You may think this is another essay about the spiritual journey one is taking on a long-distance hiking-trail, another essay saying how one is being transformed to a new human being becoming one with nature ‘n’ stuff. Well, to be honest, everyone’s life is a spiritual journey, some learn to see it this way – others don’t. But this story is about how I really lost my identity on trail.
It was on day 5 when I reached Stagecoach RV in Julian, about 75 miles (120 km) into the trail. This whole adventure was still new to my body & mind, so new that it was time to only take my second shower since I left my friend Susies’ house in Sacramento about one week ago. Here I was, arriving at an official campground with toilets, showers and washing-machines – boy that was exciting! I checked in, set up my tent and took my backpack with all my belongings to the laundry-room to put my few clothes into a washing-machine. In the corner in the room I found a soda vending-machine which I immediately fed with my money out of my pouch to get a nice, cold, and sugery drink. I drank it fast because a refreshing shower was waiting for me. Afterwards I went to collect my clothes, went to my tent, cooked dinner and quickly fell asleep. The next day was supposed to be a zero day, a day without hiking. I just wanted to relax a bit. My backpack was a little too heavy in the beginning because I had packed about ten days worth of food, three gas-canisters, one gallon of soap and other stuff I maybe should have not brought. It sounds ludicrous now when I think about it now but that’s how it was back then. Anyways, I’m drifting off a little bit. What was I saying? Ah yes, I wanted to take a zero day and relax. I woke up in the morning, had breakfast, sat around for a little while and at some point decided to have another one of those delicious sodas out of the vending-machine I found last night. I looked for my pouch in my tent and found … nothing! Wait, wait, wait. It had to be somewhere, I looked again. And again nothing. I got everything out of my tent and layed it out flat on the ground, looking in every pocket but still couldn’t find my pouch. What a shocking moment! I had to realize that there is no pouch; a pouch which included some cash, my passport incl. visa, my credit-card, my hiking-permit. Everything “important” was gone! I panicked a bit, looked at every place I had been since last night and after one hour I had to admit it’s gone. My hike was over after five days. One year of preparation, one year of looking forward to this adventure was over after just five days. I couldn’t believe it!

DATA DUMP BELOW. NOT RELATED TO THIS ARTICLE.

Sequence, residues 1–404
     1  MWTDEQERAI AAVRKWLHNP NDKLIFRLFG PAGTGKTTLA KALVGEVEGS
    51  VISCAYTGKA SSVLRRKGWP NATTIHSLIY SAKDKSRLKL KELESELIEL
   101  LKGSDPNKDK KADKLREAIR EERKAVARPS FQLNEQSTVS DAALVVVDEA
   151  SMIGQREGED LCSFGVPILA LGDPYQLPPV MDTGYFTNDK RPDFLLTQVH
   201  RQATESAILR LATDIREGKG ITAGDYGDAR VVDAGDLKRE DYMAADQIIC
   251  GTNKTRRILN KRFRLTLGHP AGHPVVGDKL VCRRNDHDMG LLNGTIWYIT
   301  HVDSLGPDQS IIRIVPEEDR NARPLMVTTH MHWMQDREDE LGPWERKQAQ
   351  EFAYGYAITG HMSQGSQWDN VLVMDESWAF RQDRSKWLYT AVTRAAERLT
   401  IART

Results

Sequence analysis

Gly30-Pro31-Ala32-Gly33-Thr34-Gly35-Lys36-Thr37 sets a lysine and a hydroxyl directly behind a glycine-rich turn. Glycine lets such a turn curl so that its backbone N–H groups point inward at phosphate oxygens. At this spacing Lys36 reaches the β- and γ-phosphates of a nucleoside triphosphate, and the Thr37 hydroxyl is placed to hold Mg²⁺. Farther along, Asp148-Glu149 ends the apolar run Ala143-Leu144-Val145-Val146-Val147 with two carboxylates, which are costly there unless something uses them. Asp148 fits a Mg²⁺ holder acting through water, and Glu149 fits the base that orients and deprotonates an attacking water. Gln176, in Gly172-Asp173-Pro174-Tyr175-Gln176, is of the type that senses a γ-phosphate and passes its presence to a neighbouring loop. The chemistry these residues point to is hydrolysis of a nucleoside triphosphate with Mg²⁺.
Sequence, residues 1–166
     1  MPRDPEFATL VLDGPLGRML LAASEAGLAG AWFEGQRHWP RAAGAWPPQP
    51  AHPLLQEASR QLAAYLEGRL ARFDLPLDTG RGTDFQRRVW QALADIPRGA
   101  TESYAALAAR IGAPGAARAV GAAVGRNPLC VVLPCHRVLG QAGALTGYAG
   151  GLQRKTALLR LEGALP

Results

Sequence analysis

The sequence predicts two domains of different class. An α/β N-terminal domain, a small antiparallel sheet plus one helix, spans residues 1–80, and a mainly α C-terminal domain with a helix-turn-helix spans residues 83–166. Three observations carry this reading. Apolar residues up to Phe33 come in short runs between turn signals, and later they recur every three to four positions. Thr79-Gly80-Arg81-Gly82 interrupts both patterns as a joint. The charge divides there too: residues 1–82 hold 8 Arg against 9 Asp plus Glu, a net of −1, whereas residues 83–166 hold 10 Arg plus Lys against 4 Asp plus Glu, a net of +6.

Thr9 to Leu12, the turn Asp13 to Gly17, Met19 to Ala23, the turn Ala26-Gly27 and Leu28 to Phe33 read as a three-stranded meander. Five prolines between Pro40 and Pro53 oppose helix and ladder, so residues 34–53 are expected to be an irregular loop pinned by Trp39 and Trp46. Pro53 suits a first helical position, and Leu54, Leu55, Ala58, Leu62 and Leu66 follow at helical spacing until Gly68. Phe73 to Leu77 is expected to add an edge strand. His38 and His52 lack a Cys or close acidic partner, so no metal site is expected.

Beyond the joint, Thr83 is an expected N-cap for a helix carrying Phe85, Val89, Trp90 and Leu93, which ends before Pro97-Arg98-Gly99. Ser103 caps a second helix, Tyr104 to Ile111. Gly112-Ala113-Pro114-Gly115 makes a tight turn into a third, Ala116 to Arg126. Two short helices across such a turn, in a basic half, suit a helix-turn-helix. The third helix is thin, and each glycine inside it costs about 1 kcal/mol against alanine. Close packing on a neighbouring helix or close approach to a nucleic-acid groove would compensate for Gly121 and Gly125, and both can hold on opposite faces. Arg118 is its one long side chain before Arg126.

I didn’t know what to do. At least I still had a little bit of food with me. As I tried to relax on this situation I sat down with a fellow hiker, CamperDan, and his wife, Linda, who camped close by my tent. He hiked the trail, while she drove a Campervan along and meet him every few days, they did this adventure together. I told them what happened and after thinking for a little while Linda came up with the idea if there is no one I could call. “Hmm”, I thought, “yes there is.” This one little question she asked me got me out of my thoughtless moment and getting focused again on problem-solving. There was someone I could ask for help, someone I WANTED to ask – Michelle. A dear friend from high-school which I haven’t seen for over twenty years but when I sent her a notice that I’m coming back to the States and asked if we want to meet, she immediately said yes. While we met, she made sure that I understand that if I need any help I should contact her. Now was the time. Now I needed help. To my luck the campground provided free wifi and I contacted her, told her what happened and we discussed next steps. For my own surprise I had copies of my passport, visa and hiking-permit on my ipod. I sent them to her, asked her to print them out and send it back to me with some cash. From that moment I felt positive again. It took 4 days for the package to arrive. In those 4 days I contacted my sister, she had to cancel my credit-card and organize a new one and send it to a location I would arrive at in a few days. In those 4 days, many people have helped me out. The camp-ground let me stay for free, fellow hikers bought me food and stood by me with nice words, other campers invited me for meals and spent time with me and gave me good ideas for how to proceed. Those 4 days have shown me the kindness of people’s hearts.
I contacted the Consulate of Germany in Los Angeles, told them my story and we worked out a plan. They also helped me out very much.
Michelle, CamperDan and Linda (I’ll write a seperate essay just for you later), Christina G, El Queso Grande, Bluebird, Richard and Linda V. this is a try to thank you very much. The trail provides! Also this is to my sister who managed all my stuff, mostly financially, from back home. Without her constant support I would have never hiked this trail or La Réunion or The Camino and I certainly wouldn’t be hiking the E1 next year. Thank you, Yvonne. I love you!
With copies of my identity-papers and some cash I went back on trail. Two weeks later, after arriving in Idyllwild where I got my new credit-card, I went to L.A. to personally show up at the consulate. CamperDan and Linda drove me there. But this story and all the other things that happened between CamperDan, Linda and me will be covered in a separate story. So stay tuned and see how livin’ is done!